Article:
Investigators were so determined 20 years ago to get a confession from South Carolina’s Susan Smith that they were willing to use anything, including deception, to get her to admit to drowning her two small children in an Upstate lake.
Then-SLED chief Robert Stewart said this month that investigators created a copy of a false newspaper article they were prepared to show Smith about a woman who had killed a family member. The fictional woman served her time in prison, got out, married a rich businessman and went on to lead a happy life. The plan: let Smith read the article and then speak with the woman. If the shame of killing her children didn’t persuade Smith to confess, agents reasoned, perhaps hope would – hope that her life could go on beyond prison.
Not only was the article false, the woman was an undercover State Law Enforcement Division agent. Fortunately, Stewart said, Smith did confess, and investigators never had to use the scheme.
Stewart described the plan, which he has never discussed publicly, as the 20th anniversary of the case approaches. Others looking back on the Oct. 25 anniversary recall the media convergence on the small city of Union. They remember the stresses – and scrutiny – of the sudden national attention and the decisions they had to make to get through it all.
Stewart knew that if the case hinged on using deception, it would be just another tool that law enforcement had in its arsenal of coaxing confessions from alleged murderers. SLED and the Union County Sheriff’s Office already were receiving help from seasoned behavioral scientists and a veteran interviewer and polygraph analyst from the FBI.
“Bear in mind, there was a U.S. Supreme Court decision that says you don’t have to tell correct facts to get to the truth in interviews,” Stewart said. “When you get a case like this, especially when children’s lives are at stake and you don’t know if they are alive or not, you’re trying everything to get to the bottom of it.”
The nation was riveted when Smith, now 43, pleaded in front of a national television audience to help her find her sons, saying a black man had carjacked her 1990 Mazda Protege with Michael and Alex inside.
Stewart said those with SLED doubted Smith’s story early in the investigation.
“There was never any another suspect,” Stewart said. “Susan Smith was a conniving, manipulative person.”
Smith said she was stopped at a red light at an intersection behind the Monarch Mill Textile Plant, which is close to Union’s Main Street, when a black male forced her out of the car at gunpoint and drove off with her two small sons in the back.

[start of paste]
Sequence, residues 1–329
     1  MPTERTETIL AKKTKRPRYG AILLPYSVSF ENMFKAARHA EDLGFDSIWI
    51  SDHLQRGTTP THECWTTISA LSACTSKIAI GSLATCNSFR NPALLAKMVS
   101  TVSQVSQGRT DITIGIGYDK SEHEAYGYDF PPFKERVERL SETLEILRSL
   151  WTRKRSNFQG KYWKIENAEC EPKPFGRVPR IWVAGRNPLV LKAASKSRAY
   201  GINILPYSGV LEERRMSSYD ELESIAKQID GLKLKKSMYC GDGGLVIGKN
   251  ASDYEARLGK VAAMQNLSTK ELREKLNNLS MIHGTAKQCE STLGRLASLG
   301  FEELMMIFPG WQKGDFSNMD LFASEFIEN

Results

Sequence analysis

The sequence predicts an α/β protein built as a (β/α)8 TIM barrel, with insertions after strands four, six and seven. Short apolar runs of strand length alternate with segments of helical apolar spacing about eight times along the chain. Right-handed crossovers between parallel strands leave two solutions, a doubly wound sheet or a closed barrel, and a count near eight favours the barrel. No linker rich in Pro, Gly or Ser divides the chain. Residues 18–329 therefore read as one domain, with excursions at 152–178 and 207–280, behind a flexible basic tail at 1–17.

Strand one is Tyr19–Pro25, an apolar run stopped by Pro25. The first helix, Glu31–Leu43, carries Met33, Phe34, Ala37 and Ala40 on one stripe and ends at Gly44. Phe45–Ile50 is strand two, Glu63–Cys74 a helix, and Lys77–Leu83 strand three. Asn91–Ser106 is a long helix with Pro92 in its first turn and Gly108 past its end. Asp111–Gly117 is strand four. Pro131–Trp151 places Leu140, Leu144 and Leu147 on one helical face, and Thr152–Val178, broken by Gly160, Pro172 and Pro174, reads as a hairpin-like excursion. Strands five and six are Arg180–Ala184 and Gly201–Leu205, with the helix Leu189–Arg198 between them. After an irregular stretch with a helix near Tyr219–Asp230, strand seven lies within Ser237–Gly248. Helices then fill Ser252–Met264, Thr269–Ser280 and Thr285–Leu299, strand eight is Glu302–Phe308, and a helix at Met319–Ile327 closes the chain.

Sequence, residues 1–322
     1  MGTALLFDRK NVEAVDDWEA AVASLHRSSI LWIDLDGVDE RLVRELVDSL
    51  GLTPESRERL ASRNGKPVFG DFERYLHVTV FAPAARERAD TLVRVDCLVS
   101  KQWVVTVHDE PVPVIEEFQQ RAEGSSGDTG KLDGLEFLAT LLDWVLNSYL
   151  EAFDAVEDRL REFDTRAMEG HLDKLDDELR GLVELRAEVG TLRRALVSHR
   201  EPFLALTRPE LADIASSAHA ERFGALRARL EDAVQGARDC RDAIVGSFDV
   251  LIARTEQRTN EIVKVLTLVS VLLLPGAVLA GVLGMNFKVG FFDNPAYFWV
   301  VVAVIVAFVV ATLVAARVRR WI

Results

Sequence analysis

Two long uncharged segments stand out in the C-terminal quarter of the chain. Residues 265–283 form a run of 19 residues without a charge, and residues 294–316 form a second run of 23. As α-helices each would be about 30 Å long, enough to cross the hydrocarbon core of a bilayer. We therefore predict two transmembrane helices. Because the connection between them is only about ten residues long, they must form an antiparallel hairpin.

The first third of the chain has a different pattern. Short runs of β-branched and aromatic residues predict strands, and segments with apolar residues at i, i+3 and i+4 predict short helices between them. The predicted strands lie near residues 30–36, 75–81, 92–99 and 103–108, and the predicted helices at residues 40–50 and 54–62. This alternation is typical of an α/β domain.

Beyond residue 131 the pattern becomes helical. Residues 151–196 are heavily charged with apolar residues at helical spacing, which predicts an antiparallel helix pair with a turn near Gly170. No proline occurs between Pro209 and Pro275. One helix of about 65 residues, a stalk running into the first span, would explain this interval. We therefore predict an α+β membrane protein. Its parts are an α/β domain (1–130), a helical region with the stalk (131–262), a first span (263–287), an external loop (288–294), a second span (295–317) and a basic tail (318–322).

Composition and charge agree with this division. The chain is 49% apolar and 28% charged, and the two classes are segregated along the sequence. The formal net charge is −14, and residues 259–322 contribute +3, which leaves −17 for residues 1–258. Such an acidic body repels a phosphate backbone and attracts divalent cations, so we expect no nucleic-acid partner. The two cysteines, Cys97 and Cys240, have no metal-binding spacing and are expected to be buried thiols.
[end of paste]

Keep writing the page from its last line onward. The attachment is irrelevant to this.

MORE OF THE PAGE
“We were able to show, at one point, that her story could not have happened at that intersection because she said nobody was there,” Stewart said. “In order for the light to be red, a car would have had to activate the pressure pad on the intersecting street to make her light red.”
The revelation about the red light pointed investigators to Smith. After nine long days of intense interviews and polygraph tests, they had their confession.
Stewart said he remembered the heartbreaking gasp that came from the crowd as then-Union County Sheriff Howard Wells made the announcement outside the courthouse that Smith was charged with murder, after she confessed to strapping her small children into their car seats and pushing the car into John D. Long Lake.
Department of Natural Resources divers returned to the lake where searches in the early days of the investigation yielded no evidence of the young boys or a car. Stewart said divers adjusted where they searched the murky waters by 10 feet further, roughly 120 feet from the shore line, and found the bodies of Michael and Alex submerged in 18 feet of water inside the car.
The case that “hammered” a community - twice
The initial news of Susan Smith’s missing children spread rapidly throughout the community of Union – which has a population of under 10,000 – and it didn’t take long for news media outlets from across the nation to descend.
Fred Delk, who was in charge of revitalizing Union’s downtown, remembers it was one of the busiest times of his life as a flood of satellite trucks, news helicopters and reporters replaced the town’s usual quietness. But, for Delk, who is now director of the Columbia Development Corp. in Columbia, there wasn’t just one media wave to deal with, it “hammered the community two different times.”
“It was a nightmare,” Delk said. “From my perspective, this happened twice.”
The first wave of media came as Smith appeared in front of television cameras asking for the community’s help in locating her children a few days after she reported them missing to police on Oct. 25, 1994. After she was arrested in November, Delk, who had worked in the media before and was asked to be the community’s liaison for the media, said he knew that when the trial started in the upcoming months, he and the community would need to know how to present Union in the best light.
“We created a community plan of action,” Delk said. “We got ministers and others in the community together who could be really good spokespeople for the community. The media crew will just pick someone out of the crowd, and they won’t present the community in the best light. So, we trained people and made them available to the media.”